Greece and global markets Reply

GLOBAL MARKETS FACE A PERIOD OF RENEWED UNCERTAINTY BECAUSE OF ‘NO’ VOTE IN GREEK REFERENDUM – PARSONS

The ‘no’ outcome in the Greek referendum on the failed financial negotiations with the European Union (EU) will immediately inaugurate a renewed  phase of uncertainty in financial markets, until greater clarity emerged on possible fresh negotiations between the Greek government and its EU creditors. The markets had not expected a ‘no’ vote and would now need to recalibrate their expectations. The risk of intensified market volatility was high. The referendum result had pushed both Greece and the EU into ‘uncharted waters’ and the outcome was likely to depress markets and the rand for the time being, said Professor Raymond Parsons.

Prof Raymond Parsons

Prof Raymond Parsons

In his opening remarks to the MBA Winter Study School of the North-West University Potchefstroom Business School this morning, Professor Parsons, a professor at the NWU Potchefstroom Business School, said that in the short term much would now depend on whether the European Central Bank would increase its accommodation to the Greek banks this week, failing which the banking system in Greece ‘will grind to a halt’, and the recreation of a separate Greek currency would become more likely for the country to finance itself. The overarching problem was that the Greek economy was now basically ‘both illiquid and insolvent’, he said. This needed to be addressed immediately if the ‘melt-down’ in the Greek economy was to be reversed.

Professor Parsons said that, while there was enough blame to go around for everyone as to what had happened, much now depended on whether fresh negotiations would take place between the Greek government and the EU, and how soon this would happen. Although the Greek government had a stronger political mandate on which to negotiate, it was by no means yet clear to what extent the EU and ECB would be willing to grant Greece terms which were more favourable than those that were ostensibly the subject of the referendum. The EU faced the dilemma of both wanting to enforce the rules of the Eurozone, but not necessarily doing so in ways which would lead to Greece being forced to exit from the euro. Professor Parsons nonetheless believed that the chances of a ‘Grexit’ had now risen from 20% to 50%.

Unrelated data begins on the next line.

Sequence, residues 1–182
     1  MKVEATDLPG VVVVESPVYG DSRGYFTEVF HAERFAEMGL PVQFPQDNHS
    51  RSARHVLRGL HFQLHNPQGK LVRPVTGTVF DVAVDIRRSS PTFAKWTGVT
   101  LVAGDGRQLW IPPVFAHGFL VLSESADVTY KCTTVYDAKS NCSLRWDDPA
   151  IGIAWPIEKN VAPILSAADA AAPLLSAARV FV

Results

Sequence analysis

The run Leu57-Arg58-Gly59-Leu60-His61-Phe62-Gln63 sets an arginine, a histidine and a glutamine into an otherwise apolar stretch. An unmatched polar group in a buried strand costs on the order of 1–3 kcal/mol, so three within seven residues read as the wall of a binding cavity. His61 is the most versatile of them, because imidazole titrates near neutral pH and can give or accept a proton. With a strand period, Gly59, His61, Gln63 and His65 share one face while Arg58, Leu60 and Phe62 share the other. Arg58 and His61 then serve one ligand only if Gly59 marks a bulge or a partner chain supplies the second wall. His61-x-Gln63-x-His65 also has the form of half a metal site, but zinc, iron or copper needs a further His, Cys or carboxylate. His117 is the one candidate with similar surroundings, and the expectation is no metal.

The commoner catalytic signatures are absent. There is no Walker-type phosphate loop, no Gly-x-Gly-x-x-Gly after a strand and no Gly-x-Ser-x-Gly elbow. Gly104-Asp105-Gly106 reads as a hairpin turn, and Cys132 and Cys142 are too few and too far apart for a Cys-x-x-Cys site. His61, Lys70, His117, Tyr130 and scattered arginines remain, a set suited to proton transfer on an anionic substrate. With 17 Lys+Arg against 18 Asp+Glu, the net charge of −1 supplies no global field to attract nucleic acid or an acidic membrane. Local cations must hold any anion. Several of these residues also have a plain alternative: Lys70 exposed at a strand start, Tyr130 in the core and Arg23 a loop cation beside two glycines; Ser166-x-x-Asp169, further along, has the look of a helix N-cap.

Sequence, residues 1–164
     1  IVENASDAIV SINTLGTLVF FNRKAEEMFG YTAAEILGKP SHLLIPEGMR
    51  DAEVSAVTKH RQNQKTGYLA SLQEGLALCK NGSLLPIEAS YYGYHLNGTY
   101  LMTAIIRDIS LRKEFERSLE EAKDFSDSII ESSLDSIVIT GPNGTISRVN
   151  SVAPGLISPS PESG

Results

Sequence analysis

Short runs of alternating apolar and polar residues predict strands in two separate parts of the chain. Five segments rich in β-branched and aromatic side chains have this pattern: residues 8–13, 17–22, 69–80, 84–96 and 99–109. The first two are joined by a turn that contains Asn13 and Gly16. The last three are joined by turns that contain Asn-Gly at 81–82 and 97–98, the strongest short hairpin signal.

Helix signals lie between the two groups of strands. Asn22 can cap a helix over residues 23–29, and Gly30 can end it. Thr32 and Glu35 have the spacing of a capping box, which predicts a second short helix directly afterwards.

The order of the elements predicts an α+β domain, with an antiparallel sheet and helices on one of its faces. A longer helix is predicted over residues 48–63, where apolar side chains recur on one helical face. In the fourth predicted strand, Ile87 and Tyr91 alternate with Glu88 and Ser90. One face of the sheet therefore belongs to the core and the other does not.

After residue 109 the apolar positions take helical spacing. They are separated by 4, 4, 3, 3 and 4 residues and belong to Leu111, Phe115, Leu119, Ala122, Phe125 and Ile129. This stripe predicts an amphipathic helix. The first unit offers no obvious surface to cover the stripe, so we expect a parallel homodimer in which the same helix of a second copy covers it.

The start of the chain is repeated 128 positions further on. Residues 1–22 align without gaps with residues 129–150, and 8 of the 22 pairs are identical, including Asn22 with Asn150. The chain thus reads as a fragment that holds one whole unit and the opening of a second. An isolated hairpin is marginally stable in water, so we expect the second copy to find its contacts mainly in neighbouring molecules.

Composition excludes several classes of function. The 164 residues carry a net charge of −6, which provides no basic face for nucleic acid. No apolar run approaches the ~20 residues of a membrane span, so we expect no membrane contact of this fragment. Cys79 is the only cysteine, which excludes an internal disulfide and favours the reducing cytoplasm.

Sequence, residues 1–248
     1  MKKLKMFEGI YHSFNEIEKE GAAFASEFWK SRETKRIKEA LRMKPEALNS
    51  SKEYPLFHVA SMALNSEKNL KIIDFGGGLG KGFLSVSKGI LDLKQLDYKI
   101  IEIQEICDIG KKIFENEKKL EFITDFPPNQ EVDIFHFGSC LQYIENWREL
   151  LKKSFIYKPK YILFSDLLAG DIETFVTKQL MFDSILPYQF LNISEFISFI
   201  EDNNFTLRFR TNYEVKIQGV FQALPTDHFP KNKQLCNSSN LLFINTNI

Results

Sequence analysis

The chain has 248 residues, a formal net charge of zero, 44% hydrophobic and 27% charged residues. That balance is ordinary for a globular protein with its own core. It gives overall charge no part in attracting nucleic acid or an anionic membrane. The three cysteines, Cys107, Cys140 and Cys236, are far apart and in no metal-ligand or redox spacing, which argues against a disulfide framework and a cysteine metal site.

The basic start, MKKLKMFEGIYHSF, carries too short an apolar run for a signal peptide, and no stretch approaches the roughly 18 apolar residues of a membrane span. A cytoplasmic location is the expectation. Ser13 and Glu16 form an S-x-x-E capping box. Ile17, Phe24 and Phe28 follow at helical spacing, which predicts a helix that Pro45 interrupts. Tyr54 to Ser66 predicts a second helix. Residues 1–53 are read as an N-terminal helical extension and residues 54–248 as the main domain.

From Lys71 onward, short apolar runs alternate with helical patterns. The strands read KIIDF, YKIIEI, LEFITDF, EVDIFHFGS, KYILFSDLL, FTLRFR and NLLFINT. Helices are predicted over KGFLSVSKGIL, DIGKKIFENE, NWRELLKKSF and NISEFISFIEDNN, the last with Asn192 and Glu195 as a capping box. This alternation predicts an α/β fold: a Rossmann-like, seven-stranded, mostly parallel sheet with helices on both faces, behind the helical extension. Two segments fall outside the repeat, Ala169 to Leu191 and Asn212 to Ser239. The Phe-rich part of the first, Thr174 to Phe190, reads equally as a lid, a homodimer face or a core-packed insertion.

As the EU was South Africa’s largest trading partner and the euro featured the country’s ‘basket of currencies’, SA had a vested interest in the Greek and Eurozone situation being stabilised as soon as possible. The EU/Greek developments were not good news for emerging economies like SA and business in SA should monitor these developments carefully. The rand was likely to weaken in the immediate aftermath of the Greek referendum ‘and the future trend of the rand will take its cue from global markets’, he said. The current weak state of the SA economy unfortunately made it more vulnerable to the risk of ‘shocks’ from abroad, whether from the EU or elsewhere, and this emphasised the need to build economic resilience.

‘While South Africa is not Greece’ said Professor Parsons, there were valuable lessons this country could absorb from the Greek economic experience regarding the importance of avoiding ‘debt traps’, and not becoming too beholden to tough foreign creditors in the running of an economy. When Finance Minister Nene regularly warned about growing fiscal deficits and the need to curb the escalating public sector wage bill, there should be support for this kind of prudent and timeous fiscal discipline. Sensible fiscal decisions now avoided drastic financial austerity later, and this was a major lesson from the Greek economic dilemmas.

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